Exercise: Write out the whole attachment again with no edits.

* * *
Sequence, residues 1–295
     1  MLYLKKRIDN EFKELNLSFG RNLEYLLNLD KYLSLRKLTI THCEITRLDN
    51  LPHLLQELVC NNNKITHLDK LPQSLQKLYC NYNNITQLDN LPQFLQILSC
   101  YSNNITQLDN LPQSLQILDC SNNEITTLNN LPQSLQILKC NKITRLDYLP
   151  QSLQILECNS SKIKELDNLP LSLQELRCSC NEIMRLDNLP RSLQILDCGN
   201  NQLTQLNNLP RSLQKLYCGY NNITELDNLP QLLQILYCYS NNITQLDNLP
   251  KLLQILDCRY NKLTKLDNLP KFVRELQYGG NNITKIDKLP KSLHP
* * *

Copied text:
Sequence, residues 1–295
     1  MLYLKKRIDN EFKELNLSFG RNLEYLLNLD KYLSLRKLTI THCEITRLDN
    51  LPHLLQELVC NNNKITHLDK LPQSLQKLYC NYNNITQLDN LPQFLQILSC
   101  YSNNITQLDN LPQSLQILDC SNNEITTLNN LPQSLQILKC NKITRLDYLP
   151  QSLQILECNS SKIKELDNLP LSLQELRCSC NEIMRLDNLP RSLQILDCGN
   201  NQLTQLNNLP RSLQKLYCGY NNITELDNLP QLLQILYCYS NNITQLDNLP
   251  KLLQILDCRY NKLTKLDNLP KFVRELQYGG NNITKIDKLP KSLHP